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TRAVEL AGENTS: A relic of your parent’s generation?

Customer Experience Strategist Colin Smith gets a jolt to the system when he delves a little deeper into how and why travel agents are still thriving.

Customer Experience Strategist Colin Smith gets a jolt to the system when he delves a little deeper into how and why travel agents are still thriving.

Unsurprisingly as a Customer Experience strategist, I spend quite a lot of my life talking about what great customer service looks like.

But when my friend Ian Lowe gave the example of a travel agent who goes the extra mile being a great experience, it jarred with me.

Teetering as I do between Gen X and Y, I can’t think of anyone in my peer group who would use a travel agent.

They’re a relic of my parent’s generation, with their gaudy storefronts and cheesy adverts.

We automatically go online, assuming that by cutting out the middleman and doing the hard work ourselves, we will earn the best deal.

Then two things landed in my inbox recently that made me rethink this.

The first was an article in The Economist, suggesting that by buying purely on price, we passengers are responsible for the increasingly unpleasant ‘economy experience’.

The second was a profile by CMO of Flight Centre’s new Head of Customer Experience, Darren Wright.

Travel agents rank alongside newspapers and music stores as industries vulnerable to digital disruption, but some quick research shows Flight Centre are not just surviving, but growing at a healthy 10-20% annually. And despite their guarantee to beat any airline price, they are still maintaining a healthy 13-14% margin.

FlightCentre_Karryon

The Flight Centre Cairns Central team. Just one of many who are thriving

So how are they doing this?

  • Flight Centre has clearly defined the roles within its omni-channel strategy. Online is for content and discovery, but if you want to guarantee the best prices, you need to buy on the phone or in store.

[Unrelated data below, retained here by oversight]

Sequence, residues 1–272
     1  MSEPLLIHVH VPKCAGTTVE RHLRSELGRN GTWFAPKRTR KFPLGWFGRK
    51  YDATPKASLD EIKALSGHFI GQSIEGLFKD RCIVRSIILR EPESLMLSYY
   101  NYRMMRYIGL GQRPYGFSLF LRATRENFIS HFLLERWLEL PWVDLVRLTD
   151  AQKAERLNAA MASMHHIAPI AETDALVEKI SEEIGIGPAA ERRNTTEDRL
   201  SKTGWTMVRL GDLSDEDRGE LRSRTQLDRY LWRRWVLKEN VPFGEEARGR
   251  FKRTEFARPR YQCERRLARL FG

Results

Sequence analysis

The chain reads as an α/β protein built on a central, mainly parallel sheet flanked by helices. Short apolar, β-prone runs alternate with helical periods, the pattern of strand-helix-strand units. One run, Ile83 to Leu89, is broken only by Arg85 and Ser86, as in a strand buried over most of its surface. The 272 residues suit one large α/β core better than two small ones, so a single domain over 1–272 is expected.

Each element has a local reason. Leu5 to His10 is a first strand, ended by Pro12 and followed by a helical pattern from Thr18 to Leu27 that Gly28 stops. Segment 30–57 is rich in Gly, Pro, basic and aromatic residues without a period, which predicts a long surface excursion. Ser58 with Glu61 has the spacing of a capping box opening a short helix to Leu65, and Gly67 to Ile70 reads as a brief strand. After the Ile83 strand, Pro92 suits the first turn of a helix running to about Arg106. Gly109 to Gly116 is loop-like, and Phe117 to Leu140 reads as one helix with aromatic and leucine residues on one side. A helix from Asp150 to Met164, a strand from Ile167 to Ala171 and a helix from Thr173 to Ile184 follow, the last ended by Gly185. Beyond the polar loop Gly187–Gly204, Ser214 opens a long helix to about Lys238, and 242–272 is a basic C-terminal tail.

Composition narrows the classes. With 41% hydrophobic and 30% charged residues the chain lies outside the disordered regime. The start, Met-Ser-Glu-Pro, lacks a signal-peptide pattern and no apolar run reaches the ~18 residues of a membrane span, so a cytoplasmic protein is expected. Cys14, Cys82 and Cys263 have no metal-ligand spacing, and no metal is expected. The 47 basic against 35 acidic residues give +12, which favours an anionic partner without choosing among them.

• They have absolutely committed to their stores by adding more staff, making layouts more open and collaborative and extending opening hours.
  • They have focused on the core capabilities where online can’t compete, such as expertise. This is not just recommending destinations, but also tailoring itineraries and advising on visa requirements.
  • They provide great service at the ‘moments of truth’, updating customers on changes to itineraries and making alternative arrangements where needed.
  • They leverage customer insight, capturing information online to refine customer personas and provide advice to colleagues in stores and on the phones.

In sharp contrast, travel sites are criticised for high transaction fees, non-refundable tickets and those allegations of cookies raising prices that just won’t go away.

Whether bricks and mortar is part of Flight Centre’s long-term strategy, or just an asset to be milked until its inevitable decline is not clear.

However the next time I fly, I might have to swallow my pride and try it myself.

How do other retailers compare do you think? Share your thoughts below.

 

Colin Smith very kindly submitted this story to us. You can view the original story on The Customer Experience Company website here.

Colin Smith is Head of Customer Strategy at The Customer Experience Company in Sydney, Australia. He works with companies to blend customer-centricity, data and innovation to create profitable growth. He has 15 years experience working throughout Australasia, Asia and Europe.  You can get in touch with Colin here.